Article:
Junior debt holders of Bankia take part in a protest outside Spain's regional government office in Barcelona June 6, 2013. The signs read,
Junior debt holders of Bankia take part in a protest outside Spain's regional government office in Barcelona June 6, 2013. The signs read, "We don't want to be Bankia's forced holders". (Photo: REUTERS)

Spain is considering whether to ask for a one-year extension to its eurozone sovereign debt crisis bailout schedule, in order to put the cash to use for a longer period of time.

Bank of Spain Governor Luis Maria Linde said the government is mulling over the extension of the International Monetary Fund (IMF) and European Union's (EU) rescue facility for its banks, in case it needs a fresh injection of funds past the access deadline.

"The government is going to have to make that decision and I suppose it would be in October," said Linde at the economic Conference of Montreal.

Spain was granted a total of €100bn ($133bn, £85bn) in rescue money to prop up its banks and to stop the country slipping into default.

However, it has only used €41bn thus far, and it has until the end of the year to tap into the rest.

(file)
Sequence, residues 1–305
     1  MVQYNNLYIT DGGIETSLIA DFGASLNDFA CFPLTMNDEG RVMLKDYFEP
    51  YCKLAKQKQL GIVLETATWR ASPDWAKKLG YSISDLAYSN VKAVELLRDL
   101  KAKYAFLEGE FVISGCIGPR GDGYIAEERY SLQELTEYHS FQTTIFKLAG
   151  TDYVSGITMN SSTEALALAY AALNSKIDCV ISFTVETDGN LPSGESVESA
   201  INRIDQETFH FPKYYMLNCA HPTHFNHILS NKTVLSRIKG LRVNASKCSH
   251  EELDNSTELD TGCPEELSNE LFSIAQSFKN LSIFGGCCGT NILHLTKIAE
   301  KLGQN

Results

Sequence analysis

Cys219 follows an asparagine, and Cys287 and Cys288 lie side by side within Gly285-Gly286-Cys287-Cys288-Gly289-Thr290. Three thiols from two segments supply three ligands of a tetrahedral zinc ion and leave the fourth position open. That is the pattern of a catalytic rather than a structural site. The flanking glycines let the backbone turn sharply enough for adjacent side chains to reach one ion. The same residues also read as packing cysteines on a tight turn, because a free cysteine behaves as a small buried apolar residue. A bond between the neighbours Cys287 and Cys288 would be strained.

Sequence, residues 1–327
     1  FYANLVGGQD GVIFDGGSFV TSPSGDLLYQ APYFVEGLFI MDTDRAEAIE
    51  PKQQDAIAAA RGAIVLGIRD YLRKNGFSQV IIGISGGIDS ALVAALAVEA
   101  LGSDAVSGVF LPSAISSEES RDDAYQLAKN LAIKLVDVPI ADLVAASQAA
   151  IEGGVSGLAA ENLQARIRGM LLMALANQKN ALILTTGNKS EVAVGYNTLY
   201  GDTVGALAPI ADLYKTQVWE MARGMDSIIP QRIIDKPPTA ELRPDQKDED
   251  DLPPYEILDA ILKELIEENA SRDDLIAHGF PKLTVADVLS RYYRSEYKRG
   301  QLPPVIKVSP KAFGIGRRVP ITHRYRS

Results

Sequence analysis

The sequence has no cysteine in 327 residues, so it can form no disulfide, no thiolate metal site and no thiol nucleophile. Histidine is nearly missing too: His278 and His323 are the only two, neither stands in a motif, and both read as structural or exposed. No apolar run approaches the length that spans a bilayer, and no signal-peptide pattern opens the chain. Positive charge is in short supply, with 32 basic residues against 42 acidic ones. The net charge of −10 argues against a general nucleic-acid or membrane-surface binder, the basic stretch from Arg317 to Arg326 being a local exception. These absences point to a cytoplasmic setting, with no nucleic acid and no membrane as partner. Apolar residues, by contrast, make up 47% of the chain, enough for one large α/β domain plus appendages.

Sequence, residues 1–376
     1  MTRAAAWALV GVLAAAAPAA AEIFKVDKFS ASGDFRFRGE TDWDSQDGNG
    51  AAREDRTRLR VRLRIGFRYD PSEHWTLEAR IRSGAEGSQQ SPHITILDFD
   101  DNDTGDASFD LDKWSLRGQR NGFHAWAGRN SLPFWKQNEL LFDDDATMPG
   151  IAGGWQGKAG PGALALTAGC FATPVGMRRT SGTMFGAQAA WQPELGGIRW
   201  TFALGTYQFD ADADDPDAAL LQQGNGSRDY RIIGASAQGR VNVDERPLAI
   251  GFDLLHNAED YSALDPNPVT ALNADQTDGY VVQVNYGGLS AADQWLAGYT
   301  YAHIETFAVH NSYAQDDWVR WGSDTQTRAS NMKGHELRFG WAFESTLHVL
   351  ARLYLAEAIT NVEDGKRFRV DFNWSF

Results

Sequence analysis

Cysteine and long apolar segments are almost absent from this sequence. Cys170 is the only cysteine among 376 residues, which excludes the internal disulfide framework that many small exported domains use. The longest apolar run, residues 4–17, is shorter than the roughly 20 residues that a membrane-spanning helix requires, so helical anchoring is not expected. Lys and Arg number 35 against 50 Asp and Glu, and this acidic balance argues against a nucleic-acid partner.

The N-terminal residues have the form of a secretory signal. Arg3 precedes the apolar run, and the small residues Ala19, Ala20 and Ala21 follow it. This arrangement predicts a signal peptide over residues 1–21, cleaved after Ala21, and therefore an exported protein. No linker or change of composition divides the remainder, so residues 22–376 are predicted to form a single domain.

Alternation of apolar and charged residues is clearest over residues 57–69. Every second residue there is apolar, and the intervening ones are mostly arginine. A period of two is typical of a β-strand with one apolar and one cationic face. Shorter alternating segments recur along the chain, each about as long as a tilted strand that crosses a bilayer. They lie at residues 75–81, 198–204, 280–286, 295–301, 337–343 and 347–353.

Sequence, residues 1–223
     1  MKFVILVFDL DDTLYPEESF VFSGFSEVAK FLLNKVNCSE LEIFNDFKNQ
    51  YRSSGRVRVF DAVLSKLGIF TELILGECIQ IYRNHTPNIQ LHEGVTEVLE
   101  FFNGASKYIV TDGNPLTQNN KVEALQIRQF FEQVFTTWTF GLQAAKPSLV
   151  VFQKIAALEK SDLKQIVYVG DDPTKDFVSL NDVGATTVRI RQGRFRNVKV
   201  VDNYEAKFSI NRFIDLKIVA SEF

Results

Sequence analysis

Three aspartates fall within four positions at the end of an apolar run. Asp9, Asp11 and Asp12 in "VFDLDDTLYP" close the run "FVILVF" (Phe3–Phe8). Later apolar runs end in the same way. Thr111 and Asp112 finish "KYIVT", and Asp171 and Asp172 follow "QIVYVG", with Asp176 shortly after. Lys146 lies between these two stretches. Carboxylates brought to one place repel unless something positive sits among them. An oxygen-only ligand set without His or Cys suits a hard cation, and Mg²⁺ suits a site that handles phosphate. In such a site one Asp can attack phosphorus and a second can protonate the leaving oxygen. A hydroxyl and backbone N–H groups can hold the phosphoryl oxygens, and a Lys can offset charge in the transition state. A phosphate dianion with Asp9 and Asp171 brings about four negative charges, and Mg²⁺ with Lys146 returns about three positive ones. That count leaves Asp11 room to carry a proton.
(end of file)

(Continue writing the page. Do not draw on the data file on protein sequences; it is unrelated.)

If Spain is granted an extension, it will allow the country more time to stabilise its banking sector with a cash bufferzone.

The breathing space will also come in handy to avoid prolonging the existence of nationalised banks.

"The Spanish state has no intention of holding onto the banks. It does not want public banks," said Linde, who added that it was important for the government to sell two small nationalised banks, Catalunya Banc and NCG Banco.

"They [public banks] become less attractive over time, but should only be sold well, not badly," added Linde.

While Spain chief Linde didn't elaborate on the impending decision, domestic media reports say that European authorities and the IMF are planning to recommend an extension for the country so it has a safety net.

Spain still faces a number of huge hurdles in order to get its economy back on track.

It has one of the highest youth unemployment rates in Europe, standing at over 56%. Austerity measures are also hitting the country hard as over a quarter of its population is unemployed.